One of the best tools in the requirements gathering/clarification process is the system prototype. System prototypes allow you to get feedback from end-users to ensure that you are developing a system that meets their needs. Technology has made the creation of prototypes much more feasible and cost-effective. As such, you should ensure that every system you create has a prototype created for it. Below are the three main categories of prototypes and some of the most popular tools for each.
Low-fidelity – a low-fidelity prototype is a rough graphical representation of the system. It does not contain functionality, but rather aims to get feedback on the general design/look and feel.
- Pen and Paper – has the benefits of being cheap and having a very low learning curve. Hard to version drafts without manually creating new papers.
- Balsamiq Mockups – software tool that allows you to create mock-ups/prototypes very easily. Can export output to image files for distribution.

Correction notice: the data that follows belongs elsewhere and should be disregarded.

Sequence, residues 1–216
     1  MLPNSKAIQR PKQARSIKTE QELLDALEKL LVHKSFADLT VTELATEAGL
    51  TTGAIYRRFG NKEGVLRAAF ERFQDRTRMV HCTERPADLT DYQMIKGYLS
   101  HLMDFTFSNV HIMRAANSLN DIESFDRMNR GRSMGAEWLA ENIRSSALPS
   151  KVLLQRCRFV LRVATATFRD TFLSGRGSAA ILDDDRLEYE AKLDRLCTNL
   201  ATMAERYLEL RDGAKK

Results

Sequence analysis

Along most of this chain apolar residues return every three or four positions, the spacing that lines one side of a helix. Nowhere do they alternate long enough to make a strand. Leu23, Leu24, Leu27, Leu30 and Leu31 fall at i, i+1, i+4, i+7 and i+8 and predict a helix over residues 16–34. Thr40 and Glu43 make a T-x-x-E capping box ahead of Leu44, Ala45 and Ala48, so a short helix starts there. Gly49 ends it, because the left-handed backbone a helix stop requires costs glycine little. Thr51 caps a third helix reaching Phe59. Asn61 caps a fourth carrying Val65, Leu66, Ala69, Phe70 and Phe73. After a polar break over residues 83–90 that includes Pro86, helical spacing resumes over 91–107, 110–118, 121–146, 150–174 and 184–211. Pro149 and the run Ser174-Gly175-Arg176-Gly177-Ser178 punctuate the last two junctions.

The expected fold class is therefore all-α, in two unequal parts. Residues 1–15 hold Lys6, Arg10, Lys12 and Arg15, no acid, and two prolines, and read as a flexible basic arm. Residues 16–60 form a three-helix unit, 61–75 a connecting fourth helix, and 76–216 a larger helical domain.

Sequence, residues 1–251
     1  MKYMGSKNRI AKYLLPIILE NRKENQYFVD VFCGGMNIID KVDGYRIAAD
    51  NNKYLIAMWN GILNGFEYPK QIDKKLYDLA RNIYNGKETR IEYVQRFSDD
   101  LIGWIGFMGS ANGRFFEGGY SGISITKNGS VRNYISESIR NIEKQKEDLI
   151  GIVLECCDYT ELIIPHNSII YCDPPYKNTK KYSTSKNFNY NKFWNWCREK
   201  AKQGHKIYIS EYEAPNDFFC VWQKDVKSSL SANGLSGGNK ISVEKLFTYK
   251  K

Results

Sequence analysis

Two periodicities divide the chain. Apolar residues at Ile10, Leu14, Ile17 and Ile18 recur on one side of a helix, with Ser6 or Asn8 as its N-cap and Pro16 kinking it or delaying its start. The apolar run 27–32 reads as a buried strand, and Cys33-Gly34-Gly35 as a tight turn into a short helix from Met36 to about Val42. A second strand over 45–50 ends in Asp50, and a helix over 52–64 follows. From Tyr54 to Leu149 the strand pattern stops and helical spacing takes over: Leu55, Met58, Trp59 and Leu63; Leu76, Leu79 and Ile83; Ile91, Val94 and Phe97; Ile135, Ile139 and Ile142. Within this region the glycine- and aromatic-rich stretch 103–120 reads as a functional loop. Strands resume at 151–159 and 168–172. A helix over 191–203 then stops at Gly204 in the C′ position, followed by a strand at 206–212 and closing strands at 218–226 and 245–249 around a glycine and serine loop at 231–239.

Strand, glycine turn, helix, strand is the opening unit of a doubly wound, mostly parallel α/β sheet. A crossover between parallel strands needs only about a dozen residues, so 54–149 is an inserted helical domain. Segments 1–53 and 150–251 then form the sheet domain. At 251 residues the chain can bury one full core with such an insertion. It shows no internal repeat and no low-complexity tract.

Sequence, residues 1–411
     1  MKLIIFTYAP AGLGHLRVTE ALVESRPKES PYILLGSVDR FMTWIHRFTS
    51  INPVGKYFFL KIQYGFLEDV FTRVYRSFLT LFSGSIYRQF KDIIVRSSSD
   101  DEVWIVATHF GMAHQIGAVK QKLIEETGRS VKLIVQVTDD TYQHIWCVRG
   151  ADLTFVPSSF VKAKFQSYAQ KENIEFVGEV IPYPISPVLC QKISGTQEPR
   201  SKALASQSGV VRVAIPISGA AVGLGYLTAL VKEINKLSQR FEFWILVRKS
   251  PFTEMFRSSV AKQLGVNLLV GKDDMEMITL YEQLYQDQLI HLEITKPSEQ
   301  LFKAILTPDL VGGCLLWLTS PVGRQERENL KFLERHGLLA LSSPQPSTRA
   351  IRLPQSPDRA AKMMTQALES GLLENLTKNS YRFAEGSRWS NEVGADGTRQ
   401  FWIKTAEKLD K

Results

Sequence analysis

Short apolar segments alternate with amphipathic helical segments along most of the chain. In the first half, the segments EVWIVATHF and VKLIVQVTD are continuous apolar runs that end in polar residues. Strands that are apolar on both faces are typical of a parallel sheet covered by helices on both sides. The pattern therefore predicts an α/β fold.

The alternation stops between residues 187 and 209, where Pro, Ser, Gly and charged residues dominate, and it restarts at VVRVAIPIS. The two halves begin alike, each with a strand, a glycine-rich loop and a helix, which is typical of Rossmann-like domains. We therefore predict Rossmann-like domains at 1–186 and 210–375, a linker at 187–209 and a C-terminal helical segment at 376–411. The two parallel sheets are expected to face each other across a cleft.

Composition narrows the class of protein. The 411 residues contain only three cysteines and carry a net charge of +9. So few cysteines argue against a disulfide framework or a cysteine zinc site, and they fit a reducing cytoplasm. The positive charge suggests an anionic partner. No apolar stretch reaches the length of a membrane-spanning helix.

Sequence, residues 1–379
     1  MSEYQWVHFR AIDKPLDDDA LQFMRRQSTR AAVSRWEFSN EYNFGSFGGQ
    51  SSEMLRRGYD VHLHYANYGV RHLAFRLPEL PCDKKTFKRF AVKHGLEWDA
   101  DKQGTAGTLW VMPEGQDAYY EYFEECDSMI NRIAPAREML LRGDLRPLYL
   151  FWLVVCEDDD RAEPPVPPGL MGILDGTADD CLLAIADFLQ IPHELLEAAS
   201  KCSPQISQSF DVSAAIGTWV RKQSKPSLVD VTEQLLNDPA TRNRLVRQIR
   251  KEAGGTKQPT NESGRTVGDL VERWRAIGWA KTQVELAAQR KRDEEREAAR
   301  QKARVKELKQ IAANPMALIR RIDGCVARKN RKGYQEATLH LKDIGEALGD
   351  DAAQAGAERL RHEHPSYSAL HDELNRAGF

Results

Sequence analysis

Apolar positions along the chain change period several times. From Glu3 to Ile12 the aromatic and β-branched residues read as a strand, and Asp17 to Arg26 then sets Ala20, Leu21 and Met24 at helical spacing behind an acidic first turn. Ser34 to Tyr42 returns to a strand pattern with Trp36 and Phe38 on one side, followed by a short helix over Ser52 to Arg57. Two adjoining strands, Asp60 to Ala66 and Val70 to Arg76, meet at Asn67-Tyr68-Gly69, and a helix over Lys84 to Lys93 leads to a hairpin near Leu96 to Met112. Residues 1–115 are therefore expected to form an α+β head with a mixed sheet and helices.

Medium-Fidelity – a medium-fidelity prototype is used to refine the look and feel of the system or define high-level interactions.
- Photoshop – using Photoshop allows you to clearly define the final layout and look of the system. Users will get to see exactly how the system will look and can verify it matches their needs
- Flairbuilder – allows you to create interactive prototypes that can convey high-level workflow/capability.
High-Fidelity – a high-fidelity prototype is used to gather feedback on the usability/workflow of a tool. These prototypes take longer to create, but can be used with end-users to ensure that the product works as needed.
- Dreamweaver (or other HTML editors) – creating a HTML-based prototype allows you to build a prototype that looks and acts in a similar manner to the final product. Back-end code is not included, but the interface/experience should match.